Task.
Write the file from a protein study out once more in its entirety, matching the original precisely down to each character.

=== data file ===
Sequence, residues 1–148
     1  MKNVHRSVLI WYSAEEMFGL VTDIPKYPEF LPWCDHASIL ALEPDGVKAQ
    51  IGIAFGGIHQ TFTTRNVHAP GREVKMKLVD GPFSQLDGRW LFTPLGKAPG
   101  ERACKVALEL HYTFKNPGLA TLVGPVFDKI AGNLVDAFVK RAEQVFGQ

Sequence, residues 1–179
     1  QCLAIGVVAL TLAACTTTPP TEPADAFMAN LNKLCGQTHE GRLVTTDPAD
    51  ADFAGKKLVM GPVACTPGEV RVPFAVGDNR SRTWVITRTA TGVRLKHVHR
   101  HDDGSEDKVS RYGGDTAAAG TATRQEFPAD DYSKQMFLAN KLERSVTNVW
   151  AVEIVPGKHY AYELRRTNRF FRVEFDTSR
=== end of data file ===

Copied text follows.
Sequence, residues 1–148
     1  MKNVHRSVLI WYSAEEMFGL VTDIPKYPEF LPWCDHASIL ALEPDGVKAQ
    51  IGIAFGGIHQ TFTTRNVHAP GREVKMKLVD GPFSQLDGRW LFTPLGKAPG
   101  ERACKVALEL HYTFKNPGLA TLVGPVFDKI AGNLVDAFVK RAEQVFGQ

Sequence, residues 1–179
     1  QCLAIGVVAL TLAACTTTPP TEPADAFMAN LNKLCGQTHE GRLVTTDPAD
    51  ADFAGKKLVM GPVACTPGEV RVPFAVGDNR SRTWVITRTA TGVRLKHVHR
   101  HDDGSEDKVS RYGGDTAAAG TATRQEFPAD DYSKQMFLAN KLERSVTNVW
   151  AVEIVPGKHY AYELRRTNRF FRVEFDTSR